") Similar age-related increases in the N1 amplitude have been reported (e.g., Anderer et al., 1996; Chao and Knight, 1997; Alain and Woods, 1999; Amenedo and Diaz, 1999; Harkrider et al., 2006; Ross and Tremblay, 2009; Soros et al., 2009), albeit with less consistency (for a failure to find age difference see, Pfefferbaum et al., 1980; Smith et al., 1980; Picton et al., 1984; Barrett et al., 1987; Iragui et al., 1993; Bertoli et al., 2002; Tremblay et al., 2004; Kovacevic et al., 2005; Lister et al., 2011). The effect of age on the P2 amplitude is more equivocal with some studies reporting no age difference (Ford et al., 1979; Picton et al., 1984; Barrett et al., 1987; Iragui et al., 1993; Tremblay et al., 2004) while others observing smaller (Goodin et al., 1978; Smith et al., 1980; Ross and Tremblay, 2009) or larger (Pfefferbaum et al., 1980; Ford and Pfefferbaum, 1991; Fabiani et al., 2006; Alain and Snyder, 2008) amplitudes in older adults. However, the effects of age on the P2 latency are more consistent, with most studies reporting an age-related increase in P2 latency (e.g., Goodin et al., 1978; Iragui et al., 1993; Tremblay et al., 2004; Alain and McDonald, 2007). "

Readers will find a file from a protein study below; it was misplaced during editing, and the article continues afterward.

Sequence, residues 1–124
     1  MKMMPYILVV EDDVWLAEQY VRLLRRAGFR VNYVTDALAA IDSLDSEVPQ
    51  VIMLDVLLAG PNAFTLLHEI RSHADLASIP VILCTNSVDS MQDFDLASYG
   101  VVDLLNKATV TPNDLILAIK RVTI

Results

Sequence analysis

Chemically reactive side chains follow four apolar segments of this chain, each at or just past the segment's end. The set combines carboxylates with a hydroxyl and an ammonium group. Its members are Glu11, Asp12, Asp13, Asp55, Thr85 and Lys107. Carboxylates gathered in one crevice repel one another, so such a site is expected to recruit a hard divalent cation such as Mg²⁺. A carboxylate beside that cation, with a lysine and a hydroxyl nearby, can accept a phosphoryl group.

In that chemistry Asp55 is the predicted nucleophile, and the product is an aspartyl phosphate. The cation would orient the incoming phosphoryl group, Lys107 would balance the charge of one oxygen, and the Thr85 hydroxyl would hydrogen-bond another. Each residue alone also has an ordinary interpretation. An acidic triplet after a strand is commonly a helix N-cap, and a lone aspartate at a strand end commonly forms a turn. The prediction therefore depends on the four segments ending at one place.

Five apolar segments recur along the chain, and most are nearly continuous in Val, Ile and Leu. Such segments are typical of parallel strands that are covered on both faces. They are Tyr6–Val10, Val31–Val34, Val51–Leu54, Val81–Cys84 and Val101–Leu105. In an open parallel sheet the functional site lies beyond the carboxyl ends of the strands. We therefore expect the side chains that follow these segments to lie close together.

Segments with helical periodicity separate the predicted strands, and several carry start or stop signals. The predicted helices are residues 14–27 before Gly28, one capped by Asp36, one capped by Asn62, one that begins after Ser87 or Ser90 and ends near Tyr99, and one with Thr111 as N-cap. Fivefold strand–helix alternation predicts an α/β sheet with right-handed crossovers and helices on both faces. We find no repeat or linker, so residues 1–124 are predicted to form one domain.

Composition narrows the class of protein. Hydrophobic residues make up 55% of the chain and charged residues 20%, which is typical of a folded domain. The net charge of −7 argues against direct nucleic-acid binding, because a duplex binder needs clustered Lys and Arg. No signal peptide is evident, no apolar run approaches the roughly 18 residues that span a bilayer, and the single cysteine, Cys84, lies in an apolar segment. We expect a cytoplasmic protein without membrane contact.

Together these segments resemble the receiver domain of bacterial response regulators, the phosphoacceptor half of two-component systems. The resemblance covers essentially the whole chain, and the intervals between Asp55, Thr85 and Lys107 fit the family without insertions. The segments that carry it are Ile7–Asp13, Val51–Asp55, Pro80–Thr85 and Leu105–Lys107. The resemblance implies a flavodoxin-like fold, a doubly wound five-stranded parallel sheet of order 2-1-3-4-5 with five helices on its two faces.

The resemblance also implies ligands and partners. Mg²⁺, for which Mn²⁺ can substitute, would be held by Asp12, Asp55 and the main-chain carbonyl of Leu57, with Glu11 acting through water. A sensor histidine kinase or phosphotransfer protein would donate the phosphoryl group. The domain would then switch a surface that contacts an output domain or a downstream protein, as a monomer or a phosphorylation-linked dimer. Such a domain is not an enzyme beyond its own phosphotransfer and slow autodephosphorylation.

[Show abstract][Hide abstract] ABSTRACT: Aging is often accompanied by hearing loss, which impacts how sounds are processed and represented along the ascending auditory pathways and within the auditory cortices. Here, we assess the impact of mild binaural hearing loss on the older adults' ability to both process complex sounds embedded in noise and to segregate a mistuned harmonic in an otherwise periodic stimulus. We measured auditory evoked fields (AEFs) using magnetoencephalography while participants were presented with complex tones that had either all harmonics in tune or had the third harmonic mistuned by 4 or 16% of its original value. The tones (75 dB sound pressure level, SPL) were presented without, with low (45 dBA SPL), or with moderate (65 dBA SPL) Gaussian noise. For each participant, we modeled the AEFs with a pair of dipoles in the superior temporal plane. We then examined the effects of hearing loss and noise on the amplitude and latency of the resulting source waveforms. In the present study, results revealed that similar noise-induced increases in N1m were present in older adults with and without hearing loss. Our results also showed that the P1m amplitude was larger in the hearing impaired than in the normal-hearing adults. In addition, the object-related negativity (ORN) elicited by the mistuned harmonic was larger in hearing impaired listeners. The enhanced P1m and ORN amplitude in the hearing impaired older adults suggests that hearing loss increased neural excitability in auditory cortices, which could be related to deficits in inhibitory control.